FutureAdvisor Collects $5M to Expand 401(k) Advice Software
Seattle personal finance startup FutureAdvisor, a summer 2010 graduate of the Y Combinator startup accelerator program, has landed a new round of venture financing to add employees and continue expanding its 401(k) advice service.
Co-founders Bo Lu and Jon Xu, who run the startup out of a historic building in Seattle’s Pioneer Square, say that users now have connected retirement accounts worth a collective $4 billion to the FutureAdvisor software.
They wouldn’t reveal how many raw users that represents, but say that it’s a pretty consistent demographic that reflects a group of people not usually served very well by the mainstream financial services industry.
“It’s not like one rich guy walked up one day and gave us half of it,” Lu says. “The average person has between $50,000 and $150,000 in assets connected to the platform.”
FutureAdvisor uses software-based analysis to steer individual investors toward the best bets among 401(k) plans offered by their employer. It doesn’t manage money, but gives advice to individual investors about the best ways they can steer their own retirement accounts.
The startup’s algorithm prefers low-fee index funds, which track lists of stocks like the S&P 500 or the Russell 1000. FutureAdvisor cites research showing that most mutual funds can’t beat an index’s long-term performance.
The company grew out of a personal passion of Lu’s. As an active investor since the age of 16, he’d built a spreadsheet to help allocate money in the financial markets, but found that friends wouldn’t keep up with it after coming to him for advice.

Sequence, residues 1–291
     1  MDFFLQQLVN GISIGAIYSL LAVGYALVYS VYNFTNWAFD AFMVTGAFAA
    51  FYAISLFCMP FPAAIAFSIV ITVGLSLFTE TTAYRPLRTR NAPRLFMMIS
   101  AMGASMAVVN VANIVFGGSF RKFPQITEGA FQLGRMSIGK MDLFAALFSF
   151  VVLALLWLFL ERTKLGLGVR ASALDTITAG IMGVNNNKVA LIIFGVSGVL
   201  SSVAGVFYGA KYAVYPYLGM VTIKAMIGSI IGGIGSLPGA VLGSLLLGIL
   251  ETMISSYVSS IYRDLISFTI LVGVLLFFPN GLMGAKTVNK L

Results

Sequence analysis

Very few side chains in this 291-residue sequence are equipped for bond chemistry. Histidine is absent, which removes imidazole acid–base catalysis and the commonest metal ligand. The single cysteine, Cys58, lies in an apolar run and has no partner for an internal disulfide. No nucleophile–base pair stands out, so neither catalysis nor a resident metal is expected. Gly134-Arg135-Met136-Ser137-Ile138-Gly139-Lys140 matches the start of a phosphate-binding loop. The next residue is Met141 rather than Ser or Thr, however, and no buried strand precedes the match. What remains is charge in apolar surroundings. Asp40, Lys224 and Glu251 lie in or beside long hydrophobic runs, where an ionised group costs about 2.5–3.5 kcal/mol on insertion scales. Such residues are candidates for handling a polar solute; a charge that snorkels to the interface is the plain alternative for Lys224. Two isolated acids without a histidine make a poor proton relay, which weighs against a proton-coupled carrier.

FutureAdvisor’s founders say the market is ripe for this Web-based software approach for two big reasons: Everyday people investing relatively small amounts for retirement typically aren’t going to get top-flight advice from financial advisors, but the intricate differences in investment funds can be hard to decipher for busy non-experts.
“This is an industry that needs fixing,” Lu says. “401(k)s right now are kind of worse than buying a car in the `80s.”
FutureAdvisor is free to use today, since it’s still in the early phases of trying to make sure it has a large enough user base. The company plans on charging fees for its advice at some point in the future, but the startup still hasn’t settled on exactly how that fee system will look just yet.
That’s what the venture capital is for, of course. The Series A investment was led by Sequoia Capital, with other investors not disclosed. FutureAdvisor had previously raised a $1 million seed round from Y Combinator, Sequoia, Kapor Capital, and angels such as Square COO Keith Rabois and Yelp founder Jeremy Stoppelman.
FutureAdvisor can’t handle the entire universe of 401(k) options, but has been expanding since it launched publicly earlier this year. The startup does that by targeting relatively large companies, which allows it to bring on groups of potential users in large chunks.
So potential users have to go check out the site to see if their employer’s 401(k) options are in the system. But Lu says the company now supports plans that collectively serve some 11 million Americans.
To help attract more users, the startup is now offering free assessments of a 401(k) plan’s fee structures, to see which of the 401(k)s offered by a given investment manager are the most costly.
That can vary widely even within one company, with some good plans and others that are very expensive.
“Facebook, for example, has one of the worst plans we’ve ever seen,” Lu says.
And who does well? The Thrift Savings Plan offered to federal employees (including members of Congress) is “the best, bar none,” Lu says.